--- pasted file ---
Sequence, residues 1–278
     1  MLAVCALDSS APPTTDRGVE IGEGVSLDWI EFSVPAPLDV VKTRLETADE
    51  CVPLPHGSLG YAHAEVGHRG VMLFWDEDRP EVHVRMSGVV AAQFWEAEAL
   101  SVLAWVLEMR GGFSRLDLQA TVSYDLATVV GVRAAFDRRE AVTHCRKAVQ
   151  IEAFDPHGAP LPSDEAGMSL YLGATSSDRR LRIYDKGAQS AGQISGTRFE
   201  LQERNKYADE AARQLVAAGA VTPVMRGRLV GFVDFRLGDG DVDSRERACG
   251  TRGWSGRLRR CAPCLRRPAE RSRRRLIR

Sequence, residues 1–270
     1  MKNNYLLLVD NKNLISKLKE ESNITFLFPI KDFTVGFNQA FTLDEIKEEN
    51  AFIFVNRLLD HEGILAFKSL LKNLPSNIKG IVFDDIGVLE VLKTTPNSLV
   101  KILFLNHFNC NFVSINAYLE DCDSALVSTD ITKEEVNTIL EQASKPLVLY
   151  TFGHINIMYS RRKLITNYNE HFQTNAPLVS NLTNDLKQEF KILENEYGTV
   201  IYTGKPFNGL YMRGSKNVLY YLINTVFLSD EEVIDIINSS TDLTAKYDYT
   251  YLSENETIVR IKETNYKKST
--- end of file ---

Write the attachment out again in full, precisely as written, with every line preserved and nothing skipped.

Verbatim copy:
Sequence, residues 1–278
     1  MLAVCALDSS APPTTDRGVE IGEGVSLDWI EFSVPAPLDV VKTRLETADE
    51  CVPLPHGSLG YAHAEVGHRG VMLFWDEDRP EVHVRMSGVV AAQFWEAEAL
   101  SVLAWVLEMR GGFSRLDLQA TVSYDLATVV GVRAAFDRRE AVTHCRKAVQ
   151  IEAFDPHGAP LPSDEAGMSL YLGATSSDRR LRIYDKGAQS AGQISGTRFE
   201  LQERNKYADE AARQLVAAGA VTPVMRGRLV GFVDFRLGDG DVDSRERACG
   251  TRGWSGRLRR CAPCLRRPAE RSRRRLIR

Sequence, residues 1–270
     1  MKNNYLLLVD NKNLISKLKE ESNITFLFPI KDFTVGFNQA FTLDEIKEEN
    51  AFIFVNRLLD HEGILAFKSL LKNLPSNIKG IVFDDIGVLE VLKTTPNSLV
   101  KILFLNHFNC NFVSINAYLE DCDSALVSTD ITKEEVNTIL EQASKPLVLY
   151  TFGHINIMYS RRKLITNYNE HFQTNAPLVS NLTNDLKQEF KILENEYGTV
   201  IYTGKPFNGL YMRGSKNVLY YLINTVFLSD EEVIDIINSS TDLTAKYDYT
   251  YLSENETIVR IKETNYKKST